Interviewers are usually human resource employees or other representatives of the agency. This type of interview allows interviewers to ask more in-depth questions to the applicant to assess their skills and abilities. Furthermore, it allows them to analyze body language while being able to dig deeper into their personalities as well.
The advantage for you as a candidate is that you can prepare and practice specific answers to questions that you anticipate based on the job description. This means that you get an opportunity to demonstrate that your skills and abilities match the requirements for the job.
In general, interviewers use a structured interview format approach. This means that each of the job applicants will get the same type of questions. This is done to consistently get relevant job-related information about each of the applicants.
Commonly asked government job interview questions are:
- Tell me about yourself
- How would you describe yourself?
- What are your career goals?
- Why do you want to work here?
- What interests you about this position?
- Why are you leaving your current job?
- What is your greatest strength?
- What is your greatest weakness?
- Where do you see yourself in 5 years?
- Tell me about a challenging work situation and how you overcame it.
- Why should we hire you?
- What did you like most about your last position?
- What did you like least about your last position?
- How do you handle stress?
- What is your greatest accomplishment?
- What motivates you?
Read more about commonly asked job interview questions and how to answer them here.
- Phone government job interview
Employers usually use phone interviews in the early stages of the interview process. It’s a similar kind of interview as the earlier discuss screening interview. Usually, phone interviews are scheduled in advance by email or via a phone call.
Phone interviews are used as an initial screening of applicants to ensure that the candidates that advance to the next round at least meet the minimum job requirements.
A phone interview is probably the first time you directly talk to a representative of the hiring company. There are companies that use one phone interview, but there are also companies that use two or even three different calls before you get an invitation for an on-site interview.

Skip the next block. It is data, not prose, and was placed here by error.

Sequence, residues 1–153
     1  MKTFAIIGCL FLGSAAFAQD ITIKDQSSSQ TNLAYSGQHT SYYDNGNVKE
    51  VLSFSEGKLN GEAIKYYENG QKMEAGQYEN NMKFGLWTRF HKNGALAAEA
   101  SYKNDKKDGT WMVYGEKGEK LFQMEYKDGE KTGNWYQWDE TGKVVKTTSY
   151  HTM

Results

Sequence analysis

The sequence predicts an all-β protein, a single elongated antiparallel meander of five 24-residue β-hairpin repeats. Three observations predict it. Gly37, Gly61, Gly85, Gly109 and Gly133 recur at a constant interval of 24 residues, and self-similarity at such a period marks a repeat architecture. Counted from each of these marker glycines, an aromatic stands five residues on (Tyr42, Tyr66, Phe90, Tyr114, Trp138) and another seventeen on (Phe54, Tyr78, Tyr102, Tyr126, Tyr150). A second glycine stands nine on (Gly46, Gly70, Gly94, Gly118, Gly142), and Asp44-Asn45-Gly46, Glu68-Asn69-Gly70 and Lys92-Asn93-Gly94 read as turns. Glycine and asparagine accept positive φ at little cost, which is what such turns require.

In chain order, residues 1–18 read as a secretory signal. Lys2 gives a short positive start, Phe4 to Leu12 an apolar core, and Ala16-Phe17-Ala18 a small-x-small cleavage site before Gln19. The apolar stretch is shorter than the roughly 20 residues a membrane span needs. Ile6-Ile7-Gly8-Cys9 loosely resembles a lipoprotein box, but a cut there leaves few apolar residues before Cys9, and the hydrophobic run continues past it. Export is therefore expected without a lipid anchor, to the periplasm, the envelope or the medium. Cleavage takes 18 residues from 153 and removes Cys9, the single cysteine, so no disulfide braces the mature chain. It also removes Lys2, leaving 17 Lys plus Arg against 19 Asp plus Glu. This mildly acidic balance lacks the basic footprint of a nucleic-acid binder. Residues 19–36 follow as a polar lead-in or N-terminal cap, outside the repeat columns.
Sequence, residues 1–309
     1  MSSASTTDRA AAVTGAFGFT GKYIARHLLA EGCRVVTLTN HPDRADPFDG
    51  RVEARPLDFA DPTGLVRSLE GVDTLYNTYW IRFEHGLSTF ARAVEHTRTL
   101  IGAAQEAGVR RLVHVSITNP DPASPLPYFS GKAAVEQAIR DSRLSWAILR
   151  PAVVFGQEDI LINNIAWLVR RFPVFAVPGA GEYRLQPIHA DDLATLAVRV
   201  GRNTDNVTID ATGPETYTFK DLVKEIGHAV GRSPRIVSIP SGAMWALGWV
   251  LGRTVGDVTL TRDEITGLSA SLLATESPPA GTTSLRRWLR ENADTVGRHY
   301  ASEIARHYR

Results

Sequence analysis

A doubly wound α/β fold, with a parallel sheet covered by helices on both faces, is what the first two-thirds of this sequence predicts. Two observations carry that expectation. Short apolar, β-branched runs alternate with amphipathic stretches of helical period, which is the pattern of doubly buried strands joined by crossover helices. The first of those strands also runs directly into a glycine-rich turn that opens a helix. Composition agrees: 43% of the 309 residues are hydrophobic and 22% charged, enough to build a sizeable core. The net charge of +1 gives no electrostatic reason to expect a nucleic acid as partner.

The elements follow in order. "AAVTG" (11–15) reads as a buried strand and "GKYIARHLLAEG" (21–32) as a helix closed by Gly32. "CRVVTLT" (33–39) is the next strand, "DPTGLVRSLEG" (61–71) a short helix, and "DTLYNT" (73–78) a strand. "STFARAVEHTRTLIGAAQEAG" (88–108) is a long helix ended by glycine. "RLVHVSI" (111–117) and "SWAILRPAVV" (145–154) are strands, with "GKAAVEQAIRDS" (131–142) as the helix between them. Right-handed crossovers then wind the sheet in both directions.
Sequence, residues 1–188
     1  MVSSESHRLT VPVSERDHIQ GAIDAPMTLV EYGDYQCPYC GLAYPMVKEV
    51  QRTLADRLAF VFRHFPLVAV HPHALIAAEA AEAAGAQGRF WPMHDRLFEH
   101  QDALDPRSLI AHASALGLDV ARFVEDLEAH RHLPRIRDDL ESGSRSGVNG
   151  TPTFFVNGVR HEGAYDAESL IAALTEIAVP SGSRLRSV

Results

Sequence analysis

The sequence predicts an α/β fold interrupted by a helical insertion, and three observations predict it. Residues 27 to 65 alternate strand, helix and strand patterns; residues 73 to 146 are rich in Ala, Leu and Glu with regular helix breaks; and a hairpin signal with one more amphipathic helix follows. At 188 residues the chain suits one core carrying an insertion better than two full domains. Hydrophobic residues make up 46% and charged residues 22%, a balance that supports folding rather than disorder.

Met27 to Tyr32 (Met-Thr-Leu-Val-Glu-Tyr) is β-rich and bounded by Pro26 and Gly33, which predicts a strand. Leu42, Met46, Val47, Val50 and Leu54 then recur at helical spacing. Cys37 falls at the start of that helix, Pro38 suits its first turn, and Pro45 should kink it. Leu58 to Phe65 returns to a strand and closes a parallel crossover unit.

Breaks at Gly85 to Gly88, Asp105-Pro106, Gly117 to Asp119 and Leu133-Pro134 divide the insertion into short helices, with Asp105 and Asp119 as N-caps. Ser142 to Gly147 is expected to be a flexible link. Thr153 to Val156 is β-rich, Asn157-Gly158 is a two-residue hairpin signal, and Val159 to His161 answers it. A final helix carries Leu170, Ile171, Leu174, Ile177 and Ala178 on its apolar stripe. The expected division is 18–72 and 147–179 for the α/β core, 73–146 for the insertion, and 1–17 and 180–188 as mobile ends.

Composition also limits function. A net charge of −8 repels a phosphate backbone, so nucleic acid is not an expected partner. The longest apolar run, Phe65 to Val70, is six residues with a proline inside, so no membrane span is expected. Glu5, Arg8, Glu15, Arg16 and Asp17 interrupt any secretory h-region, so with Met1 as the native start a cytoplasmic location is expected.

It’s important to realize is that you cannot use your body language to get your suitability across during a phone interview. Therefore, focus on your tone of voice and ensure that you speak calmly and clearly. Also, use this position to your advantage. During the call, pay special attention to the voice of the interviewer and listen carefully. Just like the interviewer cant observe your body language, you can’t observe theirs.
If the call is scheduled, you can prepare for questions you expect in advance. In other words, you can have all your notes in front of you that you have used to prepare to make the best impression possible.
Tips to prepare for your phone interview:
- If the interviewer calls you at a time that is not convenient, always ask to reschedule. This way, you can increase your chances of making a great impression during the interview. However, only do this if the interviewer calls you at a time that was not agreed on via email or phone before.
- Make sure that you clear the room that your in of any distractions. A quiet room is the best way to keep your focus during the interview.
- If you have a call scheduled, make sure you have a list ready for answers that you want to give the interviewer to demonstrate your suitability.
- Always have your resume and cover letter nearby in case the interviewer wants to discuss these with you.
- Have a pen and paper nearby to take notes.
Your preparation for a phone interview is similar to preparing for an on-site or face-to-face interview. Basic questions that you can expect during a phone interview are for instance
- Background and experience questions
- What’s the reason for you to leave your current job?
- Walk me through your resume.
Read more about background and work experience interview questions here.
- Job profile and government agency questions
- Why do you want this job?